The reference numeral 10 (FIG. 1) generally designates a light fixture embodying the present invention. In the illustrated example, light fixture 10 includes an elongated housing 12 extending along the length of light fixture 10, a pair of elongated lighting elements 14 each including two electrical connectors 15 positioned at opposite ends of lighting elements 14, and a pair of end covers 16 adapted to connect to housing 12 and each including a pair of electrical power sockets 18 shaped to electrically connect with electrical connectors 15 to supply electrical power to lighting elements 14. The light fixture 10 also includes an elongated ballast cover 20 extending along light fixture 10 adjacent lighting elements 14. The ballast cover 20 has a raised portion defining a channel 24 (FIG. 2) between housing 12 and ballast cover 20. The channel 24 is adapted to receive wiring 26 and a ballast 28 associated with light fixture 10 therein. The ballast cover 20 also has a pair of reflector portions 30 juxtaposed across raised portion 22 and extending between housing 12 and lighting elements 14 when light fixture 10 is fully assembled. The electrical power sockets 18 are configured such that lighting elements 14 each extend further away from housing 12 than raised portion 22 of ballast cover 20, as is best shown in FIG. 2. The cross-sectional geometry of ballast cover 20 is sufficiently arcuate such that light from lighting elements 14 is substantially equally downwardly distributed from lighting fixture 10.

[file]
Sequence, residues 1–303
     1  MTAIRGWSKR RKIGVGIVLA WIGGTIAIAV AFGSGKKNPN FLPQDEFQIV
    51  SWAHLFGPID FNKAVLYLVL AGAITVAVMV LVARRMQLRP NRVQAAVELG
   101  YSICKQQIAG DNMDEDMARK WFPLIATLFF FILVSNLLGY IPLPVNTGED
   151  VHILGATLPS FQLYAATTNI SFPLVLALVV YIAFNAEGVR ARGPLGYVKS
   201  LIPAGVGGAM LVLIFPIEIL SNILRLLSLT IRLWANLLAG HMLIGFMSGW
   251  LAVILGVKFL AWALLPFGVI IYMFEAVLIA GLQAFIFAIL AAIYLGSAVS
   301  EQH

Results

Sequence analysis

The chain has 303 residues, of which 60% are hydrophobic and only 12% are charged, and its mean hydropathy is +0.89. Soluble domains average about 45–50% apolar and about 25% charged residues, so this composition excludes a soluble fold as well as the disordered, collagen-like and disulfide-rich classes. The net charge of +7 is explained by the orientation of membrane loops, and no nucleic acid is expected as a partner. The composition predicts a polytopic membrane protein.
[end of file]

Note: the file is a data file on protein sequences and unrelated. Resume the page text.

The housing 12 includes an upper surface 32 adapted to abut a mounting surface (not shown). Housing 12 also includes a pair of downwardly turned sidewalls 34, each including an interior surface 36. The interior surface 36 of each sidewall 34 includes a first channel 38, second channel 40, and third channel 42. First channel 38 is adapted to receive ballast cover 20 therein as described below. Second channel 40 is adapted to receive a portion of one of the end covers 16 therein. Channel 42 is adapted to receive an edge of a cover 45 therein. Cover 45 is preferably constructed of a translucent plastic material adapted to evenly diffuse the light provided by lighting elements 14. Housing 12 still further includes a pair of supporting posts 44 extending downwardly from housing 12 and fixedly attached thereto via a rivet fastener 46.
The lighting elements 14 are preferably linear, fluorescent-type lights. However, other forms and types of lighting elements may be substituted therefor.
In a first embodiment as shown in FIG. 4, raised portion 22 of ballast cover 20 is entirely arcuate with its center of radius being coplanar with reflector portions 30. In a preferred embodiment, the radius of raised portion 22 is greater than or equal to about 0.80 inches, and more preferably is greater than or equal to about 0.86 inches. However, it should be noted that other radii for raised portion 22 may be substituted, as long as raised portion 22 does not include any sharp corners or abrupt changes between planar surface areas. Ballast cover 20 is also preferably constructed of a light reflective material. Alternatively, ballast cover 20 (FIG. 5) may also be covered with a reflective material 46 on a lower surface 48 thereof.
In assembly, ballast cover 20 is placed within housing 12 such that raised portion 22 covers support posts 44 and edges 50 of ballast cover 20 rest within first channels 38 of housing 12. Ballast cover 20 is securely held in place by a rivet connector 51 (FIG. 3).